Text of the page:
Why Are Artists So Depressive?

Mental health hits harder for creative types

When my therapist diagnosed me with Chronic Adjustment Disorder over the summer, I felt relieved.

Making so many moves in a short period of time on top of accepting my life as a new mom and then a new wife was overwhelming to the point of paralyzing me.

Attaching a name to my constant mood swings and relentless identity crisis made me feel better. More normal.

I would even go as far as to say that it dignified my identity as a writer.

I’ve never done well with life adjustments. Getting my period, enduring my first heartbreak, graduating college, being let go of jobs. All of these “normal” life transitions aren’t unique, but to me, they felt so final. So personally attacking.

Endings — no matter how small or insignificant — are like a crude awakening telling me I’m not strong enough, I should be ready for the next thing by now, that I can hear hissing in the back of my mind: “This part is over, now. Get over this chapter and get over yourself.”

Life Adjustments = Sacrificing Personal Freedom

I know now that it’s more about losing independence (and control) than it is about adapting to change. The tug of war with control and change and stress and joy can be both maddening and thrilling.

Why then, can’t I look at life changes as fresh starts or exciting opportunities instead of dead end halts clipping me of my freedom?

It Got Me Thinking…

Creatives have one resounding thing in common — we have this sort of darkness in our minds that we can’t seem to escape. Sometimes it clangs loudly like pots and pans, and other times it’s a mere whisper. It is both an advantage to our work and a downfall to our quality of life. Hence we never know whether it’s going to benefit or berate us.

This darkness — or quirkiness — isn’t exactly accepted by society.

Perhaps this massive shift in time will shed light onto the root cause of anxiety and depression, normalizing mental health “disorders” for not only creative types, but for everyone.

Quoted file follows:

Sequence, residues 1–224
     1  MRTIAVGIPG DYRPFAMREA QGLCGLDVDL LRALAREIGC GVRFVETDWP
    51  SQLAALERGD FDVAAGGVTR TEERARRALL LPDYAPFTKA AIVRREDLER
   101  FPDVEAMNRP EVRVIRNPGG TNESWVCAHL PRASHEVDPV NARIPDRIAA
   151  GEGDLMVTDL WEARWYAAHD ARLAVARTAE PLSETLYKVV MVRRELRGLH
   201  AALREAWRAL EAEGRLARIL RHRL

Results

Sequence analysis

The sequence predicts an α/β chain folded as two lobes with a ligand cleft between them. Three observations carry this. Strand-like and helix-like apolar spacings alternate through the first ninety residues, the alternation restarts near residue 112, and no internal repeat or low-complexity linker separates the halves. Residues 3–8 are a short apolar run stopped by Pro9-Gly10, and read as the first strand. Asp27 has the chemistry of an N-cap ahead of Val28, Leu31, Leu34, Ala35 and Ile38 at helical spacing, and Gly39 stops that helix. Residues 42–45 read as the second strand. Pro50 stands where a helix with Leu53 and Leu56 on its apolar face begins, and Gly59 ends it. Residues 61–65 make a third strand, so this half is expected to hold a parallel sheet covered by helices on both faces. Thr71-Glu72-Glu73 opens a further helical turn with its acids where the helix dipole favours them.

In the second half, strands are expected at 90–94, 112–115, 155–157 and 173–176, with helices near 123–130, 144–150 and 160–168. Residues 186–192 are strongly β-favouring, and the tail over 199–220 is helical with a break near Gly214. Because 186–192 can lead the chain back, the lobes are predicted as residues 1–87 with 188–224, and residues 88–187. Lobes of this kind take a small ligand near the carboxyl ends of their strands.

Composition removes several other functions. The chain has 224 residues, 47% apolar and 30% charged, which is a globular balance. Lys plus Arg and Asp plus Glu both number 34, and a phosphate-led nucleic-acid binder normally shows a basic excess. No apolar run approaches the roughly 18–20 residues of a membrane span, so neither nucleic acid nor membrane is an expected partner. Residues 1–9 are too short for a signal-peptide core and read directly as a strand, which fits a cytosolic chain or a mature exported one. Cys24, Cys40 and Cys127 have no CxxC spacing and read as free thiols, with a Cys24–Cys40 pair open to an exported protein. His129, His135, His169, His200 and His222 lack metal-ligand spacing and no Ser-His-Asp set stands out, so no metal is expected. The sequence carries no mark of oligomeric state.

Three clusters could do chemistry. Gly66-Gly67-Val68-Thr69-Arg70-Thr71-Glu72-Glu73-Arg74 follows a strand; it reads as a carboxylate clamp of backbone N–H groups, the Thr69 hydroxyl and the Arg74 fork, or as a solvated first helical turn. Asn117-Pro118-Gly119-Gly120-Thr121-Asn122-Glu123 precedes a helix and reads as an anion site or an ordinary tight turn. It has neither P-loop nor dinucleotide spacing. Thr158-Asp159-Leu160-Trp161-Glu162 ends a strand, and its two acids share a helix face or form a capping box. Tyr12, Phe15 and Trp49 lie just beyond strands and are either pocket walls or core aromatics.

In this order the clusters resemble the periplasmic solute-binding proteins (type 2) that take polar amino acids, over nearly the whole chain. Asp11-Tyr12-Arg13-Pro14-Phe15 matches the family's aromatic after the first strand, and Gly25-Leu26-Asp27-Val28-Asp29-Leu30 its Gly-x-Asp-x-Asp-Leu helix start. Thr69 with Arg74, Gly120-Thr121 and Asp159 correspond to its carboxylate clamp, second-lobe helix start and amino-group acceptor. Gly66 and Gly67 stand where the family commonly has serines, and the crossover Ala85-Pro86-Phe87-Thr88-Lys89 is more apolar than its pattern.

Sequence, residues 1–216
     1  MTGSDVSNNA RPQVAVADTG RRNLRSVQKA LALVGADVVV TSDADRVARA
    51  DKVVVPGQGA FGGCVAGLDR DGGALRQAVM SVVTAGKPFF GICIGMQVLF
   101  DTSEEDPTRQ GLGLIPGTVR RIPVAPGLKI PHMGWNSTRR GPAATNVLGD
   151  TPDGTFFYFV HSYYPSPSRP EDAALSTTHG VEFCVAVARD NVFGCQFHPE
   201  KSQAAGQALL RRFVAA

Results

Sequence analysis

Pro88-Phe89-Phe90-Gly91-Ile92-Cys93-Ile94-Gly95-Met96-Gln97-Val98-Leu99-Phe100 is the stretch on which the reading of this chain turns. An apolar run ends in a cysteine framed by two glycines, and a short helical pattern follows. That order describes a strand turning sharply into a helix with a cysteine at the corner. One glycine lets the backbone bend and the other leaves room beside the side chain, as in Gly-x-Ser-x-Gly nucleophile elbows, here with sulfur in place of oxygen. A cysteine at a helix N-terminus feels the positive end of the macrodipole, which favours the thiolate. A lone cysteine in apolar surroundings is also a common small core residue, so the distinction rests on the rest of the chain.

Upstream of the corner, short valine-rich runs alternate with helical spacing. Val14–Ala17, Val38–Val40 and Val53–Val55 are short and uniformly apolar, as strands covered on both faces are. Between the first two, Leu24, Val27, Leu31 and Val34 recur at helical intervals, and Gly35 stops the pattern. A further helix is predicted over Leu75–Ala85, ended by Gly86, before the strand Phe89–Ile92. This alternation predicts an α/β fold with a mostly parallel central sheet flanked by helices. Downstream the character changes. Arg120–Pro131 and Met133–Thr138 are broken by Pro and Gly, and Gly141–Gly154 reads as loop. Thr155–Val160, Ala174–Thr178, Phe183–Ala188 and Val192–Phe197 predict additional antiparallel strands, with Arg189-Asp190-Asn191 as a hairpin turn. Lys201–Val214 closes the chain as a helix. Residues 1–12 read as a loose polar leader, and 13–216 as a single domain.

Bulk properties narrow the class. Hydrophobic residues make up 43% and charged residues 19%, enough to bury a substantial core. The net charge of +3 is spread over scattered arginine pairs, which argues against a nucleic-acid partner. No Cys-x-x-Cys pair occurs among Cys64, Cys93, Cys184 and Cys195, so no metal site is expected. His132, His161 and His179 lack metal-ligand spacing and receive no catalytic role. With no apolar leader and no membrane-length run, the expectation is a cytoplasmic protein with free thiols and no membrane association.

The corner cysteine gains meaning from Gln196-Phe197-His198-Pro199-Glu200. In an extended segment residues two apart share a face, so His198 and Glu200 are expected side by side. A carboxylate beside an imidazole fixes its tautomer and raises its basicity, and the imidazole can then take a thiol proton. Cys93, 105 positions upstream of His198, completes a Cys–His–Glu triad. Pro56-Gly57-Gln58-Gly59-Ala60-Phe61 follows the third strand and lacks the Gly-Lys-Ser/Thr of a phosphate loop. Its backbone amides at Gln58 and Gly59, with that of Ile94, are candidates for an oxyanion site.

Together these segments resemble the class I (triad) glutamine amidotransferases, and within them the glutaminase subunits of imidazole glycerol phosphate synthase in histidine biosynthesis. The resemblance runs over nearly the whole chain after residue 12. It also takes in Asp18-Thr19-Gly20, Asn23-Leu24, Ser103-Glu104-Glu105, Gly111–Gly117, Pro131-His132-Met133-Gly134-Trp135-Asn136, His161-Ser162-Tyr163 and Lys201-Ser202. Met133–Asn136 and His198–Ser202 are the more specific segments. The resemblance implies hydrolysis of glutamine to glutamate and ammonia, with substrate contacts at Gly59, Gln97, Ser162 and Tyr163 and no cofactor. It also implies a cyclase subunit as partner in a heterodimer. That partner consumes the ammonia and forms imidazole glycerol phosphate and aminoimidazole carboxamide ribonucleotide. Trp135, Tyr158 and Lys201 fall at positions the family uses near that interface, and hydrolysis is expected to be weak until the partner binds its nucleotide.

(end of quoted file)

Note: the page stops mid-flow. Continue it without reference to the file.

Glennon Doyle, in her book Untamed, makes a comment toward the end like:

“The crazies are my people. I feel so much more like myself around them. Like my depression and anxiety isn’t so…bad.”

In essence, the “crazy” is our superpower. Without madness there would be no creation. The catch is that we must go through it, instead of around it, to really embrace and appreciate what it’s doing for us, not against us.

What can artists do to feel less alone in their mental health struggles?

  1. For one, we can acknowledge that having negative or dark thoughts is a normal and necessary part of the creative process.

  2. Secondly, we can find likeminded people and entire groups dedicated to supporting creatives’ mental health.

Ending Questions

  • Do artists experience pendulum swings of high highs and low lows because we are self-involved, all too consumed by our work?

  • Have we yet to learn how to turn our fantasy world off so we can operate in the real world? Should we have to turn that part of ourselves off?

  • Are we terrified to innovate simply out of fear of a stranger’s hurtful critique?

  • In a world where we claim to praise one another for our differences, why are we desperate to be normal?

Thank you for reading today!

Are you a creative? Aka a person who identifies as an author, comedian, designer, dancer, photographer, musician, painter, stylist, decorator, chef? Do you struggle with feeling guilty about your dark side?

I like to think we are all creatives in some way.


Related Notes

I have come across some FABULOUS people and organizations who care deeply about the cross section of creativity and mental health.

I utilize them for inspiration, education, and really, to feel like someone gets me.

Dazey La

Hourglass Boston

Feel Good Club

Mind Charity

Be you.